You also need good customer relation and organisational skills, science skills and good manual (hand) skills.
Training and development
Training to become a pharmacy technician usually takes two years. It combines practical work experience with study, either at college or by distance learning. Courses cover:
- human physiology
- disease management
- actions and uses of medicine pharmacy manufacturing
- pharmacy law
To practise in Great Britain, pharmacy technicians must be registered with the General Pharmaceutical Council (GPhC) and have satisfied the Council that it meets its detailed requirements. Registered pharmacy technicians have to keep their skills and knowledge up to date with annual continuing professional development (CPD). Find out more about CPD
Once qualified, many pharmacy technicians join the Association of Pharmacy Technicians (APTUK). The APTUK runs courses, conferences and seminars where pharmacy technicians can exchange ideas and update their skills.
Qualified and experienced pharmacy technicians can go on to study to become a pharmacist.
Pay and conditions
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Pharmacy technicians working in the NHS will work standard hours of around 37.5 a week which may include shifts. Newly qualified pharmacy technicians will usually start in the NHS at band 4 of the Agenda for Change (AfC) pay scale.
Terms and conditions can vary for pharmacists outside of the NHS, including those working in high street and retail pharmacies, or for other employers that provide NHS services.
Where the role can lead
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With experience, you could specialise in a particular area of practice such as mental health, oncology (cancer treatment) or paediatrics. Or you could specialise in areas such as medicines management, manufacturing, quality control, education and training, information technology, supplies procurement, clinical trials or medicine information services.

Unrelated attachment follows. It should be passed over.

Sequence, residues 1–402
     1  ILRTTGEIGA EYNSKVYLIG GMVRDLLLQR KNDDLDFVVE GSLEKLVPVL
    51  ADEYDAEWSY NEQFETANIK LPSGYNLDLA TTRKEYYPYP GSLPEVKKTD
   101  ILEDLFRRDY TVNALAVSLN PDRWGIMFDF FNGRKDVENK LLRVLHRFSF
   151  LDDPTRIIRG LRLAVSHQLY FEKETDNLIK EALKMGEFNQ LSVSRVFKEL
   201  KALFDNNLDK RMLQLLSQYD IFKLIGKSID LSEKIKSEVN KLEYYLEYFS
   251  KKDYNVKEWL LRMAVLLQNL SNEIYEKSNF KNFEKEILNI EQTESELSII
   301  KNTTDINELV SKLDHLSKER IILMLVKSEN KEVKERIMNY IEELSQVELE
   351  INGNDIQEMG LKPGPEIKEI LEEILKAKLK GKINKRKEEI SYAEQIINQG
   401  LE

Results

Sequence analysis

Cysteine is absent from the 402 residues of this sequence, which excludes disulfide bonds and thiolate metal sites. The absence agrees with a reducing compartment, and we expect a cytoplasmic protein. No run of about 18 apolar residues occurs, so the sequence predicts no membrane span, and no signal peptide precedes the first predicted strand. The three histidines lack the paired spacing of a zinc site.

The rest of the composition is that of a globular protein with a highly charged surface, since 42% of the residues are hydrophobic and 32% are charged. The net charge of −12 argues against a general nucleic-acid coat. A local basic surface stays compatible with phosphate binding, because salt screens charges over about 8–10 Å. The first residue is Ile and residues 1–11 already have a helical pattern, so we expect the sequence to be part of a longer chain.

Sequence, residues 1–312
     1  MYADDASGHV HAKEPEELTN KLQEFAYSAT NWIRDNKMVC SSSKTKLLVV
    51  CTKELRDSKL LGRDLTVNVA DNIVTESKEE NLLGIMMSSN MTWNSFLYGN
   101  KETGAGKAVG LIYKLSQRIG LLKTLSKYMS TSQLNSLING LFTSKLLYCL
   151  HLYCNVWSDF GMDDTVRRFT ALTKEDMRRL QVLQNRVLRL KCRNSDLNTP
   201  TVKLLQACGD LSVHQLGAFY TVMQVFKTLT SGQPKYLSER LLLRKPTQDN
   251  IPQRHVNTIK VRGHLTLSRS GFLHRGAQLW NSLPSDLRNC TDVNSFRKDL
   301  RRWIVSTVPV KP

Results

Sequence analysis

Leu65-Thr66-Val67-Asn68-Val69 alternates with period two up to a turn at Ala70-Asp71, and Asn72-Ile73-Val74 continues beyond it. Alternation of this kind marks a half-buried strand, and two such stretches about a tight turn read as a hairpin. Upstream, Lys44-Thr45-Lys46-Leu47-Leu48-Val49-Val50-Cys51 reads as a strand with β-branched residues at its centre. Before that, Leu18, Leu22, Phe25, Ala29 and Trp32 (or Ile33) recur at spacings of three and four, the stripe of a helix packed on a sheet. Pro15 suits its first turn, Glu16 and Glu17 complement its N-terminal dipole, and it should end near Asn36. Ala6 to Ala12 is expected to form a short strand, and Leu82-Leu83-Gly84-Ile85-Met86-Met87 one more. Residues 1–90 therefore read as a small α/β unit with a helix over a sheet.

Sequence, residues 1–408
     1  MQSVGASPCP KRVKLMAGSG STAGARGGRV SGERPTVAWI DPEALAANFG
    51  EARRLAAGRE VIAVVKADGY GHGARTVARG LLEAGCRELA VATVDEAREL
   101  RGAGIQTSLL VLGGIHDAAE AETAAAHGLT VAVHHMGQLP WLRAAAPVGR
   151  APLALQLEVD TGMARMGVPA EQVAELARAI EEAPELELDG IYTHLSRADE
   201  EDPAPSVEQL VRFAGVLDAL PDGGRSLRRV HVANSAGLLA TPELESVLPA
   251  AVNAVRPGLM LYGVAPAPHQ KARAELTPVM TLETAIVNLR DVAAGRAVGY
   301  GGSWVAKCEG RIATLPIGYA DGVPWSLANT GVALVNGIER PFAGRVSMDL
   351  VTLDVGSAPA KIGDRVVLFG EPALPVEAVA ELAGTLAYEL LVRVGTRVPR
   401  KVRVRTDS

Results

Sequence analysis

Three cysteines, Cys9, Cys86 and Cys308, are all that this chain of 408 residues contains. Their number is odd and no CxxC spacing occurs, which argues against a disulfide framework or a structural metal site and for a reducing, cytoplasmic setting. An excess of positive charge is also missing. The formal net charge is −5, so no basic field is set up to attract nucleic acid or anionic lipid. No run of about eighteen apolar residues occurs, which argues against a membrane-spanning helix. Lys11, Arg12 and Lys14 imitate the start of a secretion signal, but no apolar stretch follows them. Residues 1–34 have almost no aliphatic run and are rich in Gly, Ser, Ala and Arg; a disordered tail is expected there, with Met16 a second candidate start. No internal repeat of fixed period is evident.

Many pharmacy technicians are extending their roles to work with pharmacists (and other healthcare staff) in helping patients to manage their medicines. These specialist roles involve checking and recording the medication that patients should be taking, ensuring sufficient supplies, and counselling patients to understand how to use their medicines safely on the hospital wards, and when they return home. They can also take additional training and assessment to allow them to perform the final accuracy check of prescriptions before being issued to the patient. In hospital and industry pharmacy technicians manage the technical aspects of dispensing services and manufacturing medicines.
You could become a senior pharmacy technician, responsible for the work of other technicians. A chief pharmacy technician is responsible for the day-to-day management of a pharmacy department.
Job market and vacancies
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Recent figures show that pharmacy technician training places are on the increase with 363 commissioned places, an increase of 21% on the previous year.
Large retail pharmacies, including those in supermarkets, usually advertise for trainees on their own websites. From time to time, individual high street pharmacies may also advertise locally for trainees.
If you're applying for a role either directly in the NHS or in an organisation that provides NHS services, you'll be asked to show how you think the NHS values apply in your everyday work.